Cut Through the Confusion: Know the 3 Cyber Incidents the New NCUA Rule Requires You to Report

Maple Street is aware that, as of September 1st, the NCUA requires federally insured credit unions to notify them as soon as possible (within 72 hours) after reasonably believing their credit union or one of its vendors has experienced a cyber incident. We have reviewed the NCUA requirements and want to provide you with a brief guide to reportable risks as part of vendor management best practices.

Reportable Incidents

The NCUA defines these incidents three ways:

  1. Sensitive system data breach. A substantial loss of confidentiality, integrity or availability of a network or member information system that results from the unauthorized access to or exposure of sensitive data, disrupts vital member services, or has a serious impact on the safety of operational systems and processes.
  2. Cyberattack and interruption to member services. A disruption of business operations, vital member services or a member information system resulting from a cyberattack or exploitation of vulnerabilities.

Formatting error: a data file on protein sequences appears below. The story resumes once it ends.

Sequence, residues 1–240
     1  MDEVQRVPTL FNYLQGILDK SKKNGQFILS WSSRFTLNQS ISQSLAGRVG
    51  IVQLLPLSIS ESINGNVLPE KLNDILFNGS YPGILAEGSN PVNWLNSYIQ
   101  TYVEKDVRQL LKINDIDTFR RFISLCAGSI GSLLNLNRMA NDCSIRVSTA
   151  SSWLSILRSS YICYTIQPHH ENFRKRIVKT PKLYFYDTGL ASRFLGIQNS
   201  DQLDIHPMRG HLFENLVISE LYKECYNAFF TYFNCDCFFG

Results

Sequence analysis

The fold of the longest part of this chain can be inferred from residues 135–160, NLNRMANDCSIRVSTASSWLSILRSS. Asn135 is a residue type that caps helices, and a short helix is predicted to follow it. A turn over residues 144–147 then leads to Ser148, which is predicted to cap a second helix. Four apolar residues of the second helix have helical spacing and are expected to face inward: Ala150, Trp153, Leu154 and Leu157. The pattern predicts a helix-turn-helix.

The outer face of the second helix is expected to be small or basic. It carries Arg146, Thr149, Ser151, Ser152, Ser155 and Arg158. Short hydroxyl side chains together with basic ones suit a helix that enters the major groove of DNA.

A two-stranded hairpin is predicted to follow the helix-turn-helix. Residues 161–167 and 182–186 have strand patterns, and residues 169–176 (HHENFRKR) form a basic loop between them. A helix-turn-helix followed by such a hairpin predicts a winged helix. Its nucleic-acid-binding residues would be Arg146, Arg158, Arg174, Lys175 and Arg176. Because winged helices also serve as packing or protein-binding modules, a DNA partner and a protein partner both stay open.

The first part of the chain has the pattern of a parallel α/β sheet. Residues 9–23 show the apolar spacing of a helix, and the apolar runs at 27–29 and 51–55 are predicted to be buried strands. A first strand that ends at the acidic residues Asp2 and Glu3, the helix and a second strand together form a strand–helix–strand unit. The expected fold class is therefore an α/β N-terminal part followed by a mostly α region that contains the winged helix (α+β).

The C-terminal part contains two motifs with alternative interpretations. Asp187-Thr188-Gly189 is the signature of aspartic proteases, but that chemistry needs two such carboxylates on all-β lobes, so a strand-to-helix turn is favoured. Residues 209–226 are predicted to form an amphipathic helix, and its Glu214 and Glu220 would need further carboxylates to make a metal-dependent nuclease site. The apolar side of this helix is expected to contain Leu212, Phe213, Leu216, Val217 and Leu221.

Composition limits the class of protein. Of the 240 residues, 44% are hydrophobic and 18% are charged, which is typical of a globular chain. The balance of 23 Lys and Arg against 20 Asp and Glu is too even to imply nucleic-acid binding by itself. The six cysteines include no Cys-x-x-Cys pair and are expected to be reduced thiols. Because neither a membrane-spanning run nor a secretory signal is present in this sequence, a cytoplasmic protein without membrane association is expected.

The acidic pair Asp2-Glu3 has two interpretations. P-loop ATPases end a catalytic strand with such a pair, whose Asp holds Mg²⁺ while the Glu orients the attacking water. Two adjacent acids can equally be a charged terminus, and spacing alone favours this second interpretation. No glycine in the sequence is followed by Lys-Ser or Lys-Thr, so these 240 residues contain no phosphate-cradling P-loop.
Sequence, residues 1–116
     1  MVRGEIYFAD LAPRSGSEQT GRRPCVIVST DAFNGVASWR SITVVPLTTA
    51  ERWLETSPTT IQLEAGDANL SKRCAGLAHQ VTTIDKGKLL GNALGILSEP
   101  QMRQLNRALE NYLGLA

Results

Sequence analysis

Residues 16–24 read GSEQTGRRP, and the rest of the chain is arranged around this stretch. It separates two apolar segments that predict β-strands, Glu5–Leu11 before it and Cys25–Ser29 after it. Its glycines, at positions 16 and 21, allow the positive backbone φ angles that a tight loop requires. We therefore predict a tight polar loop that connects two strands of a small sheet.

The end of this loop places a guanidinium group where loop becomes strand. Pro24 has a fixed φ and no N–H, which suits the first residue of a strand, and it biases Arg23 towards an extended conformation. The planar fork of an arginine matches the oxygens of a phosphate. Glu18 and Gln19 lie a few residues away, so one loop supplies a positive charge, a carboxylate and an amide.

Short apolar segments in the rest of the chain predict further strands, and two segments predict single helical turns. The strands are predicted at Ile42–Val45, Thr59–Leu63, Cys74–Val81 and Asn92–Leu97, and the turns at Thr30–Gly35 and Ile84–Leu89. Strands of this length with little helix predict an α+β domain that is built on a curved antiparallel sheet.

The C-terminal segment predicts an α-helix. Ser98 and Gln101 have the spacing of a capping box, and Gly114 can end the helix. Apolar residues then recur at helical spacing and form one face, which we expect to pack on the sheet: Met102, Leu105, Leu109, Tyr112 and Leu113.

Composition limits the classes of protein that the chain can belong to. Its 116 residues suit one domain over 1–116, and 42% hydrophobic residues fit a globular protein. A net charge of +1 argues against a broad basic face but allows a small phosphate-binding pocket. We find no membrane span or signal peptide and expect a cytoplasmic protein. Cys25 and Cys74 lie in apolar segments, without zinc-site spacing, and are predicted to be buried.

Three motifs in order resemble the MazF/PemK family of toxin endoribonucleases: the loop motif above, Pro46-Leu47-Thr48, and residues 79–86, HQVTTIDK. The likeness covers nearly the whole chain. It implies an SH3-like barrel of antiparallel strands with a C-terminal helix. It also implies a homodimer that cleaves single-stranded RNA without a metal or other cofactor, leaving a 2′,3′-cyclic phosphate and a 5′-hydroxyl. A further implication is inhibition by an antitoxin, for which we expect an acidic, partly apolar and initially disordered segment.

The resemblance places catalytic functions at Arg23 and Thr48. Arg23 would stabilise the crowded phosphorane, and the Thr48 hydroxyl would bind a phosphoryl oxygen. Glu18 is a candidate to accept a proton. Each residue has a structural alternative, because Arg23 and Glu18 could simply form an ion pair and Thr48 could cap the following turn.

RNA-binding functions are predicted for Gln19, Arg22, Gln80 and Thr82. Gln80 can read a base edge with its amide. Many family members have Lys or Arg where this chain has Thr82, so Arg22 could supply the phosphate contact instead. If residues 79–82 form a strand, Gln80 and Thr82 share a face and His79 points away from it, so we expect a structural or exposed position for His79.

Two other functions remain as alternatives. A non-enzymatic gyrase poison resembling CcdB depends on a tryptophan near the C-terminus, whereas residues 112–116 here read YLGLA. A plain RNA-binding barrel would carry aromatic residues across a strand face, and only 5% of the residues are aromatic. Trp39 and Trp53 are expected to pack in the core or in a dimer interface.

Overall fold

3. Vendor-experienced breaches, cyberattacks and disruptions. A disruption of business operations or unauthorized access to sensitive data facilitated through, or caused by, a compromise of a credit union service organization (CUSO), cloud service provider other third-party data hosting provider or by a supply chain compromise.

For more detailed information about the guidance, examples of the substantial incidents and examples of non-reportable incidents, we recommend you go directly to the NCUA’s website here.

How to Report an Incident

  1. Call the NCUA at 1.833.CYBERCU (1.833.292.3728) and leave a voicemail; or
  2. Use the National Credit Union Administration Secure Email Message Center to send a secure email to

Unfortunately, cyber-attack risk is becoming more prevalent and a greater threat to your credit union than ever before. While not all can be prevented, cyber incidents and other risks can be managed—especially in #3, “Vendor-experienced breaches, cyberattacks, and disruptions.”

If your vendor contract has no specific language protecting you and your members, you may be held responsible for the breach with no remedies from your vendor. And, without proper vetting, you may have hired the wrong vendor in the first place. Third-party vendor security is your security.

We can help you manage risk as well as reduce expenses and improve vendor performance. Give us a call at 800-513-6839 or email at